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Real concerns about research

March 02, 2009

Re "It's a warning shot in healthcare fight," Feb. 24

I was diagnosed with invasive breast cancer in August 2007. I lost my health coverage in February 2008. I now cannot afford to take any of the life-saving steps prescribed for my cancer. At this point, I don't even know if I am cancer-free.

The claims made by conservative commentators about comparative effectiveness research are outlandish at best and scare tactics at worst. This seems like a false controversy stirred up by the big drug and medical device companies, which want to block healthcare reform.

Those companies are worried about their profits. I think they should be more concerned with patient care than with lining their pockets.

Renee Gueits

Fontana

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Though correct in identifying the hysterics of those like Rush Limbaugh and Betsy McCaughey, The Times' article falls short in addressing some of the real concerns shared by patients -- and, yes, industry -- when it comes to comparative effectiveness research.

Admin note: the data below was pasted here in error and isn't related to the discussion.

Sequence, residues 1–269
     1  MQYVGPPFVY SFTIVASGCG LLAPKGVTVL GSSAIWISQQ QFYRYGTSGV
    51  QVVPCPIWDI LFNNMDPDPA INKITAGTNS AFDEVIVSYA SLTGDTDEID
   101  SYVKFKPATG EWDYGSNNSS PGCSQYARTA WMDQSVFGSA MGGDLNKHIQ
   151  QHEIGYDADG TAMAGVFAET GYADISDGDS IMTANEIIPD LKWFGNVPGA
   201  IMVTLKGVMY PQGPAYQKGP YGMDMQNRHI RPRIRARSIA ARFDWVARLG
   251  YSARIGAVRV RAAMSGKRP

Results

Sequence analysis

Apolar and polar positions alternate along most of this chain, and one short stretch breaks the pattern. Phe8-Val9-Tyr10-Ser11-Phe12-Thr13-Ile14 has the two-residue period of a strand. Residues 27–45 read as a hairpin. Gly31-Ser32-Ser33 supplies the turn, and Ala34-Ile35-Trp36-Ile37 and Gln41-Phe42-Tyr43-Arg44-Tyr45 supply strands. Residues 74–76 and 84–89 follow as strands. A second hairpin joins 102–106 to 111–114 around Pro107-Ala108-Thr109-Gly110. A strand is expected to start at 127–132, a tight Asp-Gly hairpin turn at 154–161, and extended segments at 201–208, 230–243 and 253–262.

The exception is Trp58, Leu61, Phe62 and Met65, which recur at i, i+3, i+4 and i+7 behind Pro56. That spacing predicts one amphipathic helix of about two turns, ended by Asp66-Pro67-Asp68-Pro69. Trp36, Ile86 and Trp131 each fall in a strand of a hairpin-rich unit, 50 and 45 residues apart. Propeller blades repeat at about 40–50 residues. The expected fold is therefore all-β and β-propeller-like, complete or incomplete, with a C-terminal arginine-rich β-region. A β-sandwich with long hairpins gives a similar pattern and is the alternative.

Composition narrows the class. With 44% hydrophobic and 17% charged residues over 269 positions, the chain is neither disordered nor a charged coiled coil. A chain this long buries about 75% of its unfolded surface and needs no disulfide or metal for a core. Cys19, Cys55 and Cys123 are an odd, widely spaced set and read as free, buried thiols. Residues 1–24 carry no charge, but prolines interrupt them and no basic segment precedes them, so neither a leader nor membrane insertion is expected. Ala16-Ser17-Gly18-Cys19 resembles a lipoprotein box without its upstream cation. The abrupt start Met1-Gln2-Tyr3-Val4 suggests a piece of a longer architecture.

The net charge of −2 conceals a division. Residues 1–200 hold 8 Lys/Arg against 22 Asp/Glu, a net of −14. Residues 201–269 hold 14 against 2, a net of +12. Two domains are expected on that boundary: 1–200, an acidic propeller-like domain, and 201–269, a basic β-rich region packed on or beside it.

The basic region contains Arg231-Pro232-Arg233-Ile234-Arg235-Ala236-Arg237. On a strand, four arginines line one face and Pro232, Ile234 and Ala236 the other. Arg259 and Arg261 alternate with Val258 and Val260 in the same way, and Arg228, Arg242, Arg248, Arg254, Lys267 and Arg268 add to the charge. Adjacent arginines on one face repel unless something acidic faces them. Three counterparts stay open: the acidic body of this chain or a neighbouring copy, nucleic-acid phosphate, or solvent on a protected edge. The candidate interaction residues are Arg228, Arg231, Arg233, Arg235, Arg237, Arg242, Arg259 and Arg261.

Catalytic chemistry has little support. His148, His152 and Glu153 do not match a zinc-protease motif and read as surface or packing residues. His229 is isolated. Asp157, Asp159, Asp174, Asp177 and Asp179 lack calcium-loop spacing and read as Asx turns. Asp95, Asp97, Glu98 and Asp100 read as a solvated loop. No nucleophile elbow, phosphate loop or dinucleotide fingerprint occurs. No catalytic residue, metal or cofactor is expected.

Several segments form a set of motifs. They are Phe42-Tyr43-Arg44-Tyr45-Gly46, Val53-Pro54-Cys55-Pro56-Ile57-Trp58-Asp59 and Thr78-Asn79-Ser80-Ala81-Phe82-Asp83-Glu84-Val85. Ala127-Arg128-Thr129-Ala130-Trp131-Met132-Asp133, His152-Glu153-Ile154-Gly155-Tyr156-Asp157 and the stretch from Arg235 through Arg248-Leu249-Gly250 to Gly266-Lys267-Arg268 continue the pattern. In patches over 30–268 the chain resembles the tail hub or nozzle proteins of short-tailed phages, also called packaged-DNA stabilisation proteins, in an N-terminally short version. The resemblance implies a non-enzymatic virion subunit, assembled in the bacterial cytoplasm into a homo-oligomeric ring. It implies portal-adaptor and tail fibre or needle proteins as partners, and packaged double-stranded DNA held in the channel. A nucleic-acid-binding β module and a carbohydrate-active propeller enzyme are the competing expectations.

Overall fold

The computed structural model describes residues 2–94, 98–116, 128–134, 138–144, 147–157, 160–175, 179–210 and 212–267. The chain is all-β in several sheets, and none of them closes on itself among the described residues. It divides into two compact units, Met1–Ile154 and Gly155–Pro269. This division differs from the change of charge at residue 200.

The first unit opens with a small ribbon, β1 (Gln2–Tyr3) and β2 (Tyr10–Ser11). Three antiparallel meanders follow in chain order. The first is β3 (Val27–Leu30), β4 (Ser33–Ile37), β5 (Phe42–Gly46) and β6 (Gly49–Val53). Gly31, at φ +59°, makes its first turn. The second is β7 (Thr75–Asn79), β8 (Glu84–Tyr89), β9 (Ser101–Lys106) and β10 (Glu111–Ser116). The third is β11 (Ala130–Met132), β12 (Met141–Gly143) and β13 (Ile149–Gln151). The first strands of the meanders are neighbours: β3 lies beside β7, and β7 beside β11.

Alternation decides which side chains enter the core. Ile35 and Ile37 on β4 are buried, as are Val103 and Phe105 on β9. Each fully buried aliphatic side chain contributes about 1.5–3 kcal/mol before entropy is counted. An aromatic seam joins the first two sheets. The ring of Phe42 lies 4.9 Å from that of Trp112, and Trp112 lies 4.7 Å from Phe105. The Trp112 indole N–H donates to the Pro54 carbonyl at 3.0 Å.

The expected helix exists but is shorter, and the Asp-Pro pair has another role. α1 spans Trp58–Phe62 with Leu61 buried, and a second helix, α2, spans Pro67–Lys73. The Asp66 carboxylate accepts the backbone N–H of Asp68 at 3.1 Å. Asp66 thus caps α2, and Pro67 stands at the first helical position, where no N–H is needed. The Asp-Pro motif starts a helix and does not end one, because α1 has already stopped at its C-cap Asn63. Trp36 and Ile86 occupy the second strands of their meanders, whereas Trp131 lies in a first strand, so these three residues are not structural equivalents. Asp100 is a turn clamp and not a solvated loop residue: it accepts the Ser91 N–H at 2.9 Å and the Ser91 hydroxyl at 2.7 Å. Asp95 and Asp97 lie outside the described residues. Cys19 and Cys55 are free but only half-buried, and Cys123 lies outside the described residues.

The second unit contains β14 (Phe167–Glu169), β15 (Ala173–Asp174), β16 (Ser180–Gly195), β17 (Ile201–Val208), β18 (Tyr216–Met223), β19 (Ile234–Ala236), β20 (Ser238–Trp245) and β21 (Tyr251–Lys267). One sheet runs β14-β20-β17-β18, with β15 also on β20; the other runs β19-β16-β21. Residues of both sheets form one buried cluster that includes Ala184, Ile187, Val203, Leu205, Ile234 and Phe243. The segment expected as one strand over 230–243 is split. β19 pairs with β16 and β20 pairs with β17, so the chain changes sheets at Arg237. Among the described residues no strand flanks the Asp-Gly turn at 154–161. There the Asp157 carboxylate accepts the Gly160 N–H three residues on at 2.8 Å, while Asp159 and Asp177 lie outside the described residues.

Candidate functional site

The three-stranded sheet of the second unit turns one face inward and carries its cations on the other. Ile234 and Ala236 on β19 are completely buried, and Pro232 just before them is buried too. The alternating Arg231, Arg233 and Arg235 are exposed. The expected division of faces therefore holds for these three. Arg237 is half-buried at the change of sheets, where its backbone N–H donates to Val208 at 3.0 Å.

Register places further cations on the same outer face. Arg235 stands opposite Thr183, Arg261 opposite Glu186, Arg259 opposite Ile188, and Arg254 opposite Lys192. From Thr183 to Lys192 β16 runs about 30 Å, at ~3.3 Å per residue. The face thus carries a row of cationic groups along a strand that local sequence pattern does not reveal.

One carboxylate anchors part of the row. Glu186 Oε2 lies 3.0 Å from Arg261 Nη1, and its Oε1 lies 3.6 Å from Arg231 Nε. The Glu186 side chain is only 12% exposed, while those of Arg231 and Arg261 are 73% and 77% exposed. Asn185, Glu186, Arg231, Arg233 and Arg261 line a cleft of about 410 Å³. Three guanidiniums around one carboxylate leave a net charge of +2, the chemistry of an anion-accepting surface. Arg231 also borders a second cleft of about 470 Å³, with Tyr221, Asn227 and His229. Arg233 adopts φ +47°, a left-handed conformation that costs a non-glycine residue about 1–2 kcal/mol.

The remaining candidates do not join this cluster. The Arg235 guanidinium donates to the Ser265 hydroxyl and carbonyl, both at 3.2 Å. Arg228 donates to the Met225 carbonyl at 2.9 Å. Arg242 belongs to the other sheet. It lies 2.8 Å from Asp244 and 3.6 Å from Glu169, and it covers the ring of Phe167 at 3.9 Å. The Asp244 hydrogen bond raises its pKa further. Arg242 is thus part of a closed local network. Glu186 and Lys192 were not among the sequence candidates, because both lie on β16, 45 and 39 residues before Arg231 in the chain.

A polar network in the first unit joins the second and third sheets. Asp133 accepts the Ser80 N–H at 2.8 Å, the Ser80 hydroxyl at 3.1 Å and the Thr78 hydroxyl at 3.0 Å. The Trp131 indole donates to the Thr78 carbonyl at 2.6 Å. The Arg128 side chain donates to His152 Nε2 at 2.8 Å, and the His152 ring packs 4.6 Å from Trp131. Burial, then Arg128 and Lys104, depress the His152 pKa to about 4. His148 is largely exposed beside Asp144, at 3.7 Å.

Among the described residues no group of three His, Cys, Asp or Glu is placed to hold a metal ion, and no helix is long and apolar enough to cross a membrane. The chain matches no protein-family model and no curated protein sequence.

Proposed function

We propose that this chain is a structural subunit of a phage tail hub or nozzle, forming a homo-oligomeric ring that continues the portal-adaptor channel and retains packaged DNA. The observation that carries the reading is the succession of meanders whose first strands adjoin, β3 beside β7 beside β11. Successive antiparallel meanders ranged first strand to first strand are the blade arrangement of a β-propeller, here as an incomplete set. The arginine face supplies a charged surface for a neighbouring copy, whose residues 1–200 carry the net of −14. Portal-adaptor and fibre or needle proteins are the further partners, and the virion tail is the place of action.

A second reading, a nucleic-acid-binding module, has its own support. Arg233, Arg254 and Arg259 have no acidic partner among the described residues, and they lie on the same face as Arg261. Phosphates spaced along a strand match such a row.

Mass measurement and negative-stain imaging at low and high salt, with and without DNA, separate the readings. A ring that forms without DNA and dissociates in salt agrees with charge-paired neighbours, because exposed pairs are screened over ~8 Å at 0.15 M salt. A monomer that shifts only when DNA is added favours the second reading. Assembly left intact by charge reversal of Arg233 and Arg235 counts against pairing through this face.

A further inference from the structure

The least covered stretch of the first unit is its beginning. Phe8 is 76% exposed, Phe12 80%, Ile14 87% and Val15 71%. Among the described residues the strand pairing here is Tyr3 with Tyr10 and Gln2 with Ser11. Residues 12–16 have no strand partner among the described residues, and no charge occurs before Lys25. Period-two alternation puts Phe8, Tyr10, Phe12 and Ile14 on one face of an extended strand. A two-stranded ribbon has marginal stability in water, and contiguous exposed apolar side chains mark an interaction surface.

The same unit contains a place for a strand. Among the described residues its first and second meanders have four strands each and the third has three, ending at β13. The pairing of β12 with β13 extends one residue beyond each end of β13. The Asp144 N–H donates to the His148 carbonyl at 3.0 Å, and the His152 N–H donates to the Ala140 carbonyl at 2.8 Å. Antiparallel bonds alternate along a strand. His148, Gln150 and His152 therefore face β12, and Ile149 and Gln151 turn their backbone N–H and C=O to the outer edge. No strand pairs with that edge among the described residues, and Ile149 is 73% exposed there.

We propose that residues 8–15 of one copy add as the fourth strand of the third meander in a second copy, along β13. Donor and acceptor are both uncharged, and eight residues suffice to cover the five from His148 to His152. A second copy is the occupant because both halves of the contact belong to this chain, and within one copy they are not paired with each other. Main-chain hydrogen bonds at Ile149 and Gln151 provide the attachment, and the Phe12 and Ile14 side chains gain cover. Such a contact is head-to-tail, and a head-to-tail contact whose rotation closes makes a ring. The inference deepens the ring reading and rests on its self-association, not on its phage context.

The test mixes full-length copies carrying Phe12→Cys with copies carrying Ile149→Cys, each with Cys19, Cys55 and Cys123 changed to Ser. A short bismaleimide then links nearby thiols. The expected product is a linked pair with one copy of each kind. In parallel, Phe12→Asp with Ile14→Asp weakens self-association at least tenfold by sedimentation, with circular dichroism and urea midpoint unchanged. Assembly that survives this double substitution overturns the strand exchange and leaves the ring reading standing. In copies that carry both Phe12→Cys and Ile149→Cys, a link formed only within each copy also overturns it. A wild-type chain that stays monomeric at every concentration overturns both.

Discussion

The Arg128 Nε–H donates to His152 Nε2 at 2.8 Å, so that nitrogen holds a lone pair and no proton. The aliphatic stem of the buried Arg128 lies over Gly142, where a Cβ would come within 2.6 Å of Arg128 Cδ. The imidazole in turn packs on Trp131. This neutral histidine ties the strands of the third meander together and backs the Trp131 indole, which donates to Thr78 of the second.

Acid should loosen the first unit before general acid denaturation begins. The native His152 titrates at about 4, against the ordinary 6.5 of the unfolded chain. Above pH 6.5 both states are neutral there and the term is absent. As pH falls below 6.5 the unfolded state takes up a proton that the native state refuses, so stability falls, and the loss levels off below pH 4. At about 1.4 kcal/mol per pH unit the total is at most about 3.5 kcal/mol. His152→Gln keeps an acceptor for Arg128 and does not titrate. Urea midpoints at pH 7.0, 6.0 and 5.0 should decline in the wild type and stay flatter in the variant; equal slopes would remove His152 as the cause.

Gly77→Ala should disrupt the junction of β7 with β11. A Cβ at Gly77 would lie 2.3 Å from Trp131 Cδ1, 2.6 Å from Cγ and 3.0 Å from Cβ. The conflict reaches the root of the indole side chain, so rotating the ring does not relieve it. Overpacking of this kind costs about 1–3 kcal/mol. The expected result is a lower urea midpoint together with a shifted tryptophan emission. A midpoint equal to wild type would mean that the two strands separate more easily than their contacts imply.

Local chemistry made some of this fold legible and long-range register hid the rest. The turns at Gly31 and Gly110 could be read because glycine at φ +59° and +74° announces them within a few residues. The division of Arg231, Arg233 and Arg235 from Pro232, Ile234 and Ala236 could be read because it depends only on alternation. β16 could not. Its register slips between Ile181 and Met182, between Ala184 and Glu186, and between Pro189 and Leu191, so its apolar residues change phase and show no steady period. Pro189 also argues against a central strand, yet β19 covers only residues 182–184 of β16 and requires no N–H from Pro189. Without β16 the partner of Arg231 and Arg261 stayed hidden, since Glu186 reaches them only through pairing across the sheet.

Such research is an important tool to empower patients and their doctors to make better-informed treatment decisions, but the driving force behind it in Washington seems to be its use as a cost-containment tool. Yes, comparative effectiveness research can save money, but it also can point out treatments and procedures that are underused.

As we've seen in other countries, when cost is the driving factor, effectiveness studies have been used to deny patients access to medicines and technologies that work, and work well. That is unacceptable in the United States.

Todd Gillenwater

Washington

The writer is vice president for public policy at the California Healthcare Institute.

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